The President gave a speech implying that first responders' jobs were on the line if Republicans didn't come to their senses and postpone or eliminate the "brutal" spending cuts of the sequester. While federal government doesn't directly employ those individuals, the message was clear that important things everyone needs are on the line if spending is cut by 1.2%.
February 24th, 2013
The President gave that speech surrounded by police and firefighters the implication being that those first responders’ jobs were on the line if Republicans didn’t come to their senses and postpone or eliminate the “brutal” spending cuts of the sequester. Given that the federal government doesn’t directly employ any of those people it seems highly unlikely the axe will fall on them but the message was clear – important things that everyone needs are on the line if spending is cut by 1.2%. Leon Panetta wins the award for hyperbolic hand wringing though saying that every one of the 800,000 civilian employees of the Defense Department will face furloughs if the cuts go through as planned.
The most shocking thing about Panetta’s statement to me is that we have 800,000 civilian employees at the DoD. I have a hard time believing that at least some of those people aren’t doing something we could get along without. In fact, I’d be willing to bet that if we knew what some of those people are doing, we would, as a nation, demand that they stop forthwith. But I digress. I have resisted for some time now the urge I often have to go all Howard Beale at the cesspool of venality that our government has become and I’ll continue today. Okay, I’m not always successful but I do try to stay on script and the topic of the day is whether these shocking – shocking I say! Did you hear me?!! Shocking! – budget cuts will hurt the economy.
The sequester goes into effect this Friday, March 1st. As best I can tell – and government math is not my strong suit so I may be wrong – it will mean cuts of a bit less than $50 billion in government spending this year. Even if the sequester goes through I have serious doubts as to whether government spending will actually fall since spending “cuts” don’t mean the same thing in government math as in actual, you know, math. Government cuts most often mean a cut in the rate of increase and while I haven’t actually read enough of the details on this to find out if that is true this time, I would be shocked (obviously I am easily shocked this week) if this time is different. Now $50 billion sounds like a lot of money but in a country with a GDP of over $16 trillion and a federal budget of almost $4 trillion it really doesn’t amount to much.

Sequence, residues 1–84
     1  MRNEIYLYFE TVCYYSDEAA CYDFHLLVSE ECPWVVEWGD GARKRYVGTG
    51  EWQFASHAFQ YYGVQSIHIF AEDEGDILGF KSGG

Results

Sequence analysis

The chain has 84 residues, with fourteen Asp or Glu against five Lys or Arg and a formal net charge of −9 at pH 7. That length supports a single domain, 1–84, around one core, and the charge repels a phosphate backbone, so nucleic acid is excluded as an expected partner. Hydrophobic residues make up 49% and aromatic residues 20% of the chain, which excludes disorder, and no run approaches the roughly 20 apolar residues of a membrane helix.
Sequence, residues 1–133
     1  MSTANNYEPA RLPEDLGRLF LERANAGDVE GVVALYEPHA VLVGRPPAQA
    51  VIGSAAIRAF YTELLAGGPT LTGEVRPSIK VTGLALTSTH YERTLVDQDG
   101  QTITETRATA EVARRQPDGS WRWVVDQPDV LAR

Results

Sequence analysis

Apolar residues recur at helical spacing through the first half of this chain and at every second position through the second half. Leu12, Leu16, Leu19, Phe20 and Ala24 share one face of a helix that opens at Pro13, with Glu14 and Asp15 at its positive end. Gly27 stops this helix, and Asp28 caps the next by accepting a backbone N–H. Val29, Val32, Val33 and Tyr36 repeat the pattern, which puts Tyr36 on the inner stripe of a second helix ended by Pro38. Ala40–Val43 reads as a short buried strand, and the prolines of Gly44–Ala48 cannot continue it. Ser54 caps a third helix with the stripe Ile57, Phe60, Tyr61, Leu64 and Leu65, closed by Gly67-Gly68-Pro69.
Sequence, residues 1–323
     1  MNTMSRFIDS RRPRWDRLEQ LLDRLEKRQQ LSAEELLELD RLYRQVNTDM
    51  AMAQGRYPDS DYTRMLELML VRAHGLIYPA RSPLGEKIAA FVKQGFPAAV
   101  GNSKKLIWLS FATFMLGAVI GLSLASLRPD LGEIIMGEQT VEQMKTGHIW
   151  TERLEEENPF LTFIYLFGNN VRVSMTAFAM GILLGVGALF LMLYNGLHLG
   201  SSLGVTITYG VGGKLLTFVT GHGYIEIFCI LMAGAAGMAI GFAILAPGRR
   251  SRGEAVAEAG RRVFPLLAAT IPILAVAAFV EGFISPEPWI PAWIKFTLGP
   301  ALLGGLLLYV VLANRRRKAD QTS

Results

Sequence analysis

And that is the point. Shaving 1.2% off the federal budget or the equivalent of 0.3% of GDP is not going to usher in an era of austerity. Our borders will not be over run by terrorists or Mexicans looking to take American jobs. Public safety will not be compromised. Buildings will not be left to burn. Planes will not fall from the sky. Plagues will not be allowed to sweep the nation – unless you count reality television. The President will be free to keep wasting money on green energy boondoggles. We’ll still pay farmers to not plant some things and to turn other things they’ve planted into inefficient fuels while simultaneously raising the price of essential foods for citizens of the third world (a government policy threefer). Republicans will still be able to overcompensate for something by funding weapons programs we don’t need. We’ll still keep killing people in far away lands via joysticks in Nevada. So calm down and back away from the heated rhetoric.
Cutting spending by that amount won’t cause a recession either. Despite the scare reports saying that it will cost 700,000 jobs the effect on employment will be minimal. In fact, if the government spending multiplier is less than 1 – as I and a whole bunch of people believe – the sequester might actually be a boost to growth rather than a retardent. There are lots of reasons to fear for the future growth of our economy but the sequester isn’t one of them.